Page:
Ray said...
This comment has been removed by the author.
Anonymous said...

I am not the same anonymous.

Just a few observations here... firstly there is a well known expression about 'black sheep' of the family. This is not a racial slur but a reference to someone who doesn't fit in - I believe it is likely to be an older expression than many people would realise. Perhaps the imagery of the SVP can be construed racially - but it is not explicit in their poster. How else should one have represented someone who refuses to fit in with society? I fail to accept that it is in itself racist. Has the author clearthought been to Switzerland? Has the author reviewed in detail the manifesto of the SVP party or is he relying on the interpretation of the mainstream media?

NurseCathy said...

Sadly, I find myself not agreeing with, but certainly understanding, the Swiss election results. Muslims are immigrating to Europe in large numbers. And in spite of my determined Christian love for each human being on earth, I am frightened.

The Swiss don't want more minarets built. Of course, you can have a mosque without a minaret, but that's another matter. Often I have driven past a large mosque in Dallas, Texas. It worries me. What is being taught in that mosque and the school attached to it? It has been well-documented that some Muslim schools here in the U.S. teach hatred and violence toward non-Muslims. Not only is violence to infidels allowed, it is encouraged.

I also wonder: If living under Islamic governance is best, why are so many Muslims moving to non-Islamic governed countries? Why wouldn't they stay where Sharia law is practiced?

So there is the sad, illogical truth. In my heart of hearts, I don't want any more of them to come here, either. This country was founded on Judeo-Christian principles and traditions. We have survived and prospered because of it. I want it to stay that way.

Ray said...

Is it too optimistic to believe that Islamic communities and "Western society" can live together peacefully? Or should we accept that we will destroy each other just to prove whose ideology is more "right"? Or should we just stick our separate corners of the globe and never cross paths again?

Intolerant attitudes from both the middle east and western countries are simply symptomatic of globalisation and the post 9-11 political climate.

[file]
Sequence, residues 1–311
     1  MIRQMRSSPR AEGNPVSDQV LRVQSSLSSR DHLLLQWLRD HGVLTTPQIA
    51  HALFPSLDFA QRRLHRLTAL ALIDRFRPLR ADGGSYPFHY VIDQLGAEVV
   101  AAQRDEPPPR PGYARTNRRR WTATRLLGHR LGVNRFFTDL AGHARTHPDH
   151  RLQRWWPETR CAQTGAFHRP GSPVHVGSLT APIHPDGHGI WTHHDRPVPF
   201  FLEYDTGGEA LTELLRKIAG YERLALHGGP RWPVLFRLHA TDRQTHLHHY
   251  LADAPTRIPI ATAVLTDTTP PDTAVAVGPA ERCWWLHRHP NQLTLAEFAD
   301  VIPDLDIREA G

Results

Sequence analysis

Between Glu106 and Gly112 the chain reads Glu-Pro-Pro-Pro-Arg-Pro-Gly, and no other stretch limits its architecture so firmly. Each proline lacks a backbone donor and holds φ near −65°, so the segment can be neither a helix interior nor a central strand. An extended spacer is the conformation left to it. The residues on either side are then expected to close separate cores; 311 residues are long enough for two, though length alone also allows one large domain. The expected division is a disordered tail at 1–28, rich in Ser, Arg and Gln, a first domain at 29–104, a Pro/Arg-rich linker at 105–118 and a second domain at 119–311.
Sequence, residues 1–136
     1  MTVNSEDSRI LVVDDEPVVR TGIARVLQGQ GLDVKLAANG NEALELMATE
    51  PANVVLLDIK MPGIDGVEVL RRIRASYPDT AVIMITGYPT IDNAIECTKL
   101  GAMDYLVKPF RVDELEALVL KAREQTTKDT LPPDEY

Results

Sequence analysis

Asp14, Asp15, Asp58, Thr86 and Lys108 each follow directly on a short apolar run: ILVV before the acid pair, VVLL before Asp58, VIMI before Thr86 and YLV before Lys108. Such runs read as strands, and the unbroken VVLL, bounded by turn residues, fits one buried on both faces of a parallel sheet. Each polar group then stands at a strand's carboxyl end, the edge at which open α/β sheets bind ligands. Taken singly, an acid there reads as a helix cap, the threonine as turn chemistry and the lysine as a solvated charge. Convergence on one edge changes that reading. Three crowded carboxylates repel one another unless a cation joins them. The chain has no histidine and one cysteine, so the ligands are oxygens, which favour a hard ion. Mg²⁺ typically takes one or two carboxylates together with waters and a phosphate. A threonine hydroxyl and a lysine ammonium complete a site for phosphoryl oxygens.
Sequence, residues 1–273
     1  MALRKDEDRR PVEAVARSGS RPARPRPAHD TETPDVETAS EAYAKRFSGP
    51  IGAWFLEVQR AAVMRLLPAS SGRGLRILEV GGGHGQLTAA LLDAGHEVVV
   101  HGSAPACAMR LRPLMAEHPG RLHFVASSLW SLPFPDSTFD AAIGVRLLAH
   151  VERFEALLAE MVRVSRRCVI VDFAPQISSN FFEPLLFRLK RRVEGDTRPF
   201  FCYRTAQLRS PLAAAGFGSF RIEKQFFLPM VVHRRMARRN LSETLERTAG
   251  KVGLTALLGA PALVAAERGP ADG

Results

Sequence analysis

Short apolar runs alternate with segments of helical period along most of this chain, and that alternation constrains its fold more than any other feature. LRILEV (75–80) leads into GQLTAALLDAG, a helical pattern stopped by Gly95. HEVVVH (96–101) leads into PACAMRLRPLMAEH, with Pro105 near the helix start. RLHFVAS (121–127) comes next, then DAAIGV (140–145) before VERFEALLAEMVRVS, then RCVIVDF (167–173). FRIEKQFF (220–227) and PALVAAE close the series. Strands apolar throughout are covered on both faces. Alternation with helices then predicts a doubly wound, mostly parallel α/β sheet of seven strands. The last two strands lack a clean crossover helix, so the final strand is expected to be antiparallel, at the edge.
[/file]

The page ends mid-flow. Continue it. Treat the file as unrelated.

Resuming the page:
clearthought said...

Wow, the debate has grown.


nursecathy:
"This country was founded on Judeo-Christian principles and traditions."
I hardly think freedom and liberty are specific to the teachings of Christianity; indeed I disagree with those who say America was founded as a Judeo-Christian state.

And don't you think alienating and marginalizing Muslims will make extremism worse? It will drive out the moderates! In fact, it is one of the reasons Islam has so many radicals right now. While I respect your opinion nursecathy, Islamophobia isn't the answer; reasoning and understanding is. In addition, there is a large amount of extremism in Judaism (e.g. the radical Zionists), Christianity (e.g. fundamentalists), and Islam (e.g. the radicals we see advocating jihad). Radicalism is a sad byproduct of these religions.

I don't want to live in a country that follows one specific mindset of faith. I want to live where I am free to express my opinions, and where I am not likely to be blown up when I'm walking around downtown.

Even though I am not religious per se, I respect the right of religious people to believe what they want to believe. That means I believe that the government has NO BUSINESS whatsoever in banning things like minarets, just as it should not ban stars of David on synagogues or large crosses on the top of churches for religious reasons. Any free and democratic state would offer freedom of religion; a ban on minarets or whatever would illustrate a turn against freedom. I may have not visited Switzerland, and I may not fully understand their politics, but I do not want any country to turn that way.